Botrytis cinerea: also known as Botryotinia fuckeliana. This fungal infection, is usually very damaging but may be welcomed depending on circumstances. Botrytis cinerea belongs to the Sclerotiniaceae family of the Ascomycetes class (which has over 1,600 genera and 64,000 species, including yeasts, truffles and Penicillium).
In the form of grey rot Botrytis cinerea is most undesirable. It thrives in wet, humid conditions on vigorously growing vines. It can affect buds and young shoots, turning them brown. Later in the season, it can form grey mould patches on the leaves and infect flowers. It may then become dormant until the grapes are developed. White grapes will turn brown and black grapes may take on red tones. The grapes are covered in a grey or grey/brown mould and berries can split. Grey rot will result in off-flavours in wine, partially owing to the modified chemical composition of the grapes. However, its effect on black grapes is greater than white because it causes loss of colour, tannins and flavour. Outbreaks at harvest time (often induced by rain) can wreck a vintage - there will be a substantial loss in yield and a serious impact upon quality. The image on left below shows Botryris affected grapes. The one on the right is of grapefruit spray being used as a method of prevention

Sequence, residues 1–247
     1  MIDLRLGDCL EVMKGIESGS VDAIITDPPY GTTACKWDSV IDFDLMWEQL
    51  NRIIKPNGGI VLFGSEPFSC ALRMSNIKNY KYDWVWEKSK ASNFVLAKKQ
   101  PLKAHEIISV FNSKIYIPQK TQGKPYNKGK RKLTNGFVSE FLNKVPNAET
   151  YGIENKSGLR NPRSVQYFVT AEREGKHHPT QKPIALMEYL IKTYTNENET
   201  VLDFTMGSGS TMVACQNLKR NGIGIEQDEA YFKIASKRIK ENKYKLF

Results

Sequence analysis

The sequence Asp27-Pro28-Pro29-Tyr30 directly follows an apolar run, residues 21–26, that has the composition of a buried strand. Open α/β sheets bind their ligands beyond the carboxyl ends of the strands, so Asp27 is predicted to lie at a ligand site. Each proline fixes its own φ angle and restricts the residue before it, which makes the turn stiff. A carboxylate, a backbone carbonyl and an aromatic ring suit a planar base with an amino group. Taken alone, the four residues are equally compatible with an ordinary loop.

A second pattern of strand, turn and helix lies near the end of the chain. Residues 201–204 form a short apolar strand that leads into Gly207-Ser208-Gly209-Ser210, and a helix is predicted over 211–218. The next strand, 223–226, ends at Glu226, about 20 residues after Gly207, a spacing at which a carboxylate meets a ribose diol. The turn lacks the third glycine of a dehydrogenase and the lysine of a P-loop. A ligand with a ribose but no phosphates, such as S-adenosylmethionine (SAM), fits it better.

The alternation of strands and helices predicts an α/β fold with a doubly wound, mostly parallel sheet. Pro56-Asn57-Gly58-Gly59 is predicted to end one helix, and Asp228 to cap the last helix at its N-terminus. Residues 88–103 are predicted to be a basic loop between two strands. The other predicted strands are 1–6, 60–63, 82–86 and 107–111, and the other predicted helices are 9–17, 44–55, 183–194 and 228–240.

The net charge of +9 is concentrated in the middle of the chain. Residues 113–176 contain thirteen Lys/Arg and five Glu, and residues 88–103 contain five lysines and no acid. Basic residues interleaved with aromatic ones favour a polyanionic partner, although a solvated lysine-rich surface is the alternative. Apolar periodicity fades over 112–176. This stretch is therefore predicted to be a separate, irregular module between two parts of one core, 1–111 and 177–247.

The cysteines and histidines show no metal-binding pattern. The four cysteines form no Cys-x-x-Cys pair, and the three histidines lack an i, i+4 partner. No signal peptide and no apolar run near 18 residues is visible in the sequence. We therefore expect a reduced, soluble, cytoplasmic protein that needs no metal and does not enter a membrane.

In its benevolent form, Botrytis cinerea occurs as 'noble rot' on some varieties of white grapes when certain climatic conditions occur. The ideal conditions are damp, misty early autumn mornings giving way to very warm, sunny afternoons. Some of the great sweet white wines of the world are produced from affected grapes.